What the Doug Ford tape really means—and what it doesn’t

Even if Ford merely helped fudge nomination papers, members should have questions about the quality of their party's database.

A few things stand out upon listening to the apparent blockbuster tape released on Thursday by the Ontario Liberals that suggested wrongdoing on the part of PC leader Doug Ford.

The tape seems to indicate that Ford tried to sign up potential PC members sans membership fee. It’s coupled with allegations that Ford went to some lengths to secure the nomination in Etobicoke Centre for Kinga Surma, including signing up and busing in hundreds of loyalists to vote in her favour.

We’re told that this recording happened at a Tim Hortons in October 2016.

MORE: Doug Ford hasn’t earned the benefit of the doubt on his nomination scandal

“It doesn’t cost ya anything, we’re just signing up people today,” he can be heard saying. “You don’t have to fill (out a membership nomination). She’ll take your name, number; just sign it.”

A full version of the tape is available here.

This is going to be a bit tricky, then, because we need to dissect the nomination procedure to better understand what is going on here.

Don’t worry, it will be fun and painless.

Sign up today for the Maclean’s Politics Insider newsletter »

If a candidate wants to run for a seat in the legislature, she generally must first apply to represent her preferred party in her riding.

If she were running to represent the Ontario PC party, she would have to fill out an application, which requires signatures from 25 PC Party members.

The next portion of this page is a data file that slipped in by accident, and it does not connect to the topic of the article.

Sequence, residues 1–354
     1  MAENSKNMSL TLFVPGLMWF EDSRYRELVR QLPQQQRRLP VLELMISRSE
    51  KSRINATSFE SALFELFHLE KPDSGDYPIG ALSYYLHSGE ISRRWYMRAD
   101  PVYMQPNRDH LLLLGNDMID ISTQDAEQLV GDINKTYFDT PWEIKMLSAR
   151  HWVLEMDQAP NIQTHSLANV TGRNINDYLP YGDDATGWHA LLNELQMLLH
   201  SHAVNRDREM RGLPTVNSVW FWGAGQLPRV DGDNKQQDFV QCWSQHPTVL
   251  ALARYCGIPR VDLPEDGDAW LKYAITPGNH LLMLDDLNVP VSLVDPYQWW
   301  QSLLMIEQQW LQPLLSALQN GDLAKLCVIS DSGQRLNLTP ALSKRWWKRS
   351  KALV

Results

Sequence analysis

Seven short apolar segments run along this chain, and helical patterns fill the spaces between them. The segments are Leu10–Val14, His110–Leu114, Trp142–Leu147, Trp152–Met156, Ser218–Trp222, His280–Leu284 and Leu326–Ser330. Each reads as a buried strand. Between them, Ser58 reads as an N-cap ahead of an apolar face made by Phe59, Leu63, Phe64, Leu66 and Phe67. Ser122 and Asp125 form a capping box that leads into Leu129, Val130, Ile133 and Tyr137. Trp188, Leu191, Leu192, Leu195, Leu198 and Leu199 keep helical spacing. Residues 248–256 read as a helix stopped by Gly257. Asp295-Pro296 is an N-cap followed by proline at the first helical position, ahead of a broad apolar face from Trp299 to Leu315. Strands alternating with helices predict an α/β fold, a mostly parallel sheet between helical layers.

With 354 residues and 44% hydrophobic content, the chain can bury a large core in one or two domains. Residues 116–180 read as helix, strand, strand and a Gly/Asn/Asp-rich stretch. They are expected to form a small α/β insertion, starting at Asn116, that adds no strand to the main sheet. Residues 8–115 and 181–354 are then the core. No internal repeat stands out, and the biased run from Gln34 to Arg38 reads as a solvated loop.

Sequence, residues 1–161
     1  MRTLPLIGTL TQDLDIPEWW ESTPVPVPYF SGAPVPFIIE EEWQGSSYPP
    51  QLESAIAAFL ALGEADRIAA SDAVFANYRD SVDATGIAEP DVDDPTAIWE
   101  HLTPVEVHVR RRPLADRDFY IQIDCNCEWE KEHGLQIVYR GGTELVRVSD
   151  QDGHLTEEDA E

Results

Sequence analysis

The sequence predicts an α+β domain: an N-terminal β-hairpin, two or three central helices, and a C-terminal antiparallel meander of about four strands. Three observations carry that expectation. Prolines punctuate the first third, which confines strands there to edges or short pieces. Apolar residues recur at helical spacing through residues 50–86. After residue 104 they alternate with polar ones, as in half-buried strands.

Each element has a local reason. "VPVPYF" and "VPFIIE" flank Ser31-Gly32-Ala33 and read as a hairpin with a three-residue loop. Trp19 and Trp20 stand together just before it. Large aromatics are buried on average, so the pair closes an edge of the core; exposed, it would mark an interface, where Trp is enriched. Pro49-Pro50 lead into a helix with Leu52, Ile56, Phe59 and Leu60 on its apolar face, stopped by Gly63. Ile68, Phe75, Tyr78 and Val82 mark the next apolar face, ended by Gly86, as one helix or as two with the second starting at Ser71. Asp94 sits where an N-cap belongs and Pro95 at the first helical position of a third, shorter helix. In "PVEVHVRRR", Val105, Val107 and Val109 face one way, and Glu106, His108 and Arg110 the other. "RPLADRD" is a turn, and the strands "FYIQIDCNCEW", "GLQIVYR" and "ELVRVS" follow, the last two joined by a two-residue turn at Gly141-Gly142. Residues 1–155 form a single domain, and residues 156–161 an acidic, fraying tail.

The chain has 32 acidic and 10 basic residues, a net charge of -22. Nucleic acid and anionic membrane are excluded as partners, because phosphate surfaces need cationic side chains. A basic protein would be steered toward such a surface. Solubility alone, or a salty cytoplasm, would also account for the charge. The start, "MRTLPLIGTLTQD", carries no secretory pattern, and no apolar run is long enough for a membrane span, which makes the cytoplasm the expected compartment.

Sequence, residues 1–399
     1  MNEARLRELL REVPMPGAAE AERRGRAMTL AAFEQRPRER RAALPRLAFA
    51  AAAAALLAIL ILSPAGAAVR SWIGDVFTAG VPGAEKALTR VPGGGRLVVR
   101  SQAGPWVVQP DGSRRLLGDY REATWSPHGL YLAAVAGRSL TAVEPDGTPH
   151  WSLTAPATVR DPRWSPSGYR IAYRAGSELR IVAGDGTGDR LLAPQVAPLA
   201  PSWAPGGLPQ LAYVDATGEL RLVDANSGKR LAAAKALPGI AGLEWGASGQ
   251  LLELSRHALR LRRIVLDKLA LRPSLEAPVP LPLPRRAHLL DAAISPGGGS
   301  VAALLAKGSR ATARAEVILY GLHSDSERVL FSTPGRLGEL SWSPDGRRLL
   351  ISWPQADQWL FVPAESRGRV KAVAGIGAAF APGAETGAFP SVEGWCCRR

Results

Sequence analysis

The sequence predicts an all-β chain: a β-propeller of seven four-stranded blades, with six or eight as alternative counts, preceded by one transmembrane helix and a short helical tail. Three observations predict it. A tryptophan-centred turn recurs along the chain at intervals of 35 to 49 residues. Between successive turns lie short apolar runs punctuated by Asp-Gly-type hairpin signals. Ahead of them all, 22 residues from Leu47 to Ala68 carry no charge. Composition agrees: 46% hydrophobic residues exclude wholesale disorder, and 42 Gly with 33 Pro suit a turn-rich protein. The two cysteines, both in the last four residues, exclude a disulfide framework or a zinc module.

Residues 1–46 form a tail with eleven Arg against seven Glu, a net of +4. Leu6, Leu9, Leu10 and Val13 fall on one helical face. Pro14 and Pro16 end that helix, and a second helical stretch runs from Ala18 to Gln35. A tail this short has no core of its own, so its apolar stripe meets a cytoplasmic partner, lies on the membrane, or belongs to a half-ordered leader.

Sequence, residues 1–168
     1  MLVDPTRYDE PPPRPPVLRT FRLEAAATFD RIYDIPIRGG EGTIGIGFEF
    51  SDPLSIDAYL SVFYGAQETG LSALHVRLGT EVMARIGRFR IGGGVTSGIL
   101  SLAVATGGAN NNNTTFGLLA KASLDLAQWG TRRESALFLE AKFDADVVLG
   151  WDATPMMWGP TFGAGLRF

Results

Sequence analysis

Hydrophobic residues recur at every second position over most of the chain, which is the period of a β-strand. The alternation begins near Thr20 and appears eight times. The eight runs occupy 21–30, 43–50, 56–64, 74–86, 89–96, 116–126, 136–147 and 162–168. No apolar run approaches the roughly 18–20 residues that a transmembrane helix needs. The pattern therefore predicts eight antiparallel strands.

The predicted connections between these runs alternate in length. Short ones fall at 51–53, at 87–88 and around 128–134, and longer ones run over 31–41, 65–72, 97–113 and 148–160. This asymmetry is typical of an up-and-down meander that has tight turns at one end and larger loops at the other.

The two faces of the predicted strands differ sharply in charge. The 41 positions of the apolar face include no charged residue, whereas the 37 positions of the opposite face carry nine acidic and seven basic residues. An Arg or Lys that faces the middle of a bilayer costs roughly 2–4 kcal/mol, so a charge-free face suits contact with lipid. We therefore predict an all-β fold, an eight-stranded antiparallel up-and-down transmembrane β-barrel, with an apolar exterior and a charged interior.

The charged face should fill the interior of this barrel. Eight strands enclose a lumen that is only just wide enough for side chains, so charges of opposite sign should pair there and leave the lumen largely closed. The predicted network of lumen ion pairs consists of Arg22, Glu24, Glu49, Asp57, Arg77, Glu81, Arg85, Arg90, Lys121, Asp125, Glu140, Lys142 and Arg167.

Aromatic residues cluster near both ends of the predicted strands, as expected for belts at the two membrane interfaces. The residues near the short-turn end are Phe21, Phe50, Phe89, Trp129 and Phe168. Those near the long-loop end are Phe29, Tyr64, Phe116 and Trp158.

The application is then submitted to the party for vetting. If the potential candidate is approved, she is granted access to the PC Party membership lists, which she can use to campaign against other PC candidates vying for the same spot.

Party members show up on nomination day, vote, a winner is chosen, and bingo bango, our candidate’s name is on the ballot come election day.

The general public doesn’t tend to see much of this process. Political parties are part private clubs, so it’s common for party-preferred candidates to walk into these races with additional resources, support or endorsements.

MORE: Doug Ford can’t hide behind the ‘Patrick Brown’ excuse anymore

Accusations of outright rigging are common. And party leaders will often simply appoint candidates, forgoing the nomination process altogether. The closer a man sits to the ground, the more likely he is to be dirty.

A Conservative source who spoke on background said the tape released by the Liberals is a recording of Ford and Surma collecting signatures during the early stages of the nomination process; they aren’t signing up fake PC members to vote, per se. Rather, they appear to be trying to find the 25 signatures required for Surma’s nomination application.

In contrast, the Liberals say the recording was made in October — well after Surma’s nomination had been approved. This would indicate that Ford was, indeed, trying to sign up fake PC members to secure her nomination.

An affidavit and complaint filed by Pina Martino to the PC Party, also released by the Liberals on Thursday, made serious claims against Ford.

Martino was Surma’s competitor for the PC nomination in Etobicoke Centre; in her complaint, she makes several allegations, including that Ford stalked and intimidated her. She demands the party disqualify her competitor “prior to Monday’s scheduled nomination meeting.” In other words, Martino alleged signs of misconduct days before the vote was even held.